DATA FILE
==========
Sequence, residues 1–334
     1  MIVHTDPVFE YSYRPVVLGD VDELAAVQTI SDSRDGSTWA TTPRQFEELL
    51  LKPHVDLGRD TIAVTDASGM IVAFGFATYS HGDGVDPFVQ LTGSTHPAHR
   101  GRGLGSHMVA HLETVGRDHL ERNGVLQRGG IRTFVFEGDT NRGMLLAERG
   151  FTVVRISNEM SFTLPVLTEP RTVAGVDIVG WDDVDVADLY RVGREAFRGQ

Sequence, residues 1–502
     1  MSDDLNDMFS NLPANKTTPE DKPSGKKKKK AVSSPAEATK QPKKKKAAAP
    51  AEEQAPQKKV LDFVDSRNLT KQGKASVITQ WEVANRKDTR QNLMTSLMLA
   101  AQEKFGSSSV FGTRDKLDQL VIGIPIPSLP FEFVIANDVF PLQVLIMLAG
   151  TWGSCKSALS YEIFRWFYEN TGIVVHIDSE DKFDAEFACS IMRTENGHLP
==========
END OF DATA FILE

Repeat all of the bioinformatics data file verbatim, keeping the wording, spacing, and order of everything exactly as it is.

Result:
Sequence, residues 1–334
     1  MIVHTDPVFE YSYRPVVLGD VDELAAVQTI SDSRDGSTWA TTPRQFEELL
    51  LKPHVDLGRD TIAVTDASGM IVAFGFATYS HGDGVDPFVQ LTGSTHPAHR
   101  GRGLGSHMVA HLETVGRDHL ERNGVLQRGG IRTFVFEGDT NRGMLLAERG
   151  FTVVRISNEM SFTLPVLTEP RTVAGVDIVG WDDVDVADLY RVGREAFRGQ

Sequence, residues 1–502
     1  MSDDLNDMFS NLPANKTTPE DKPSGKKKKK AVSSPAEATK QPKKKKAAAP
    51  AEEQAPQKKV LDFVDSRNLT KQGKASVITQ WEVANRKDTR QNLMTSLMLA
   101  AQEKFGSSSV FGTRDKLDQL VIGIPIPSLP FEFVIANDVF PLQVLIMLAG
   151  TWGSCKSALS YEIFRWFYEN TGIVVHIDSE DKFDAEFACS IMRTENGHLP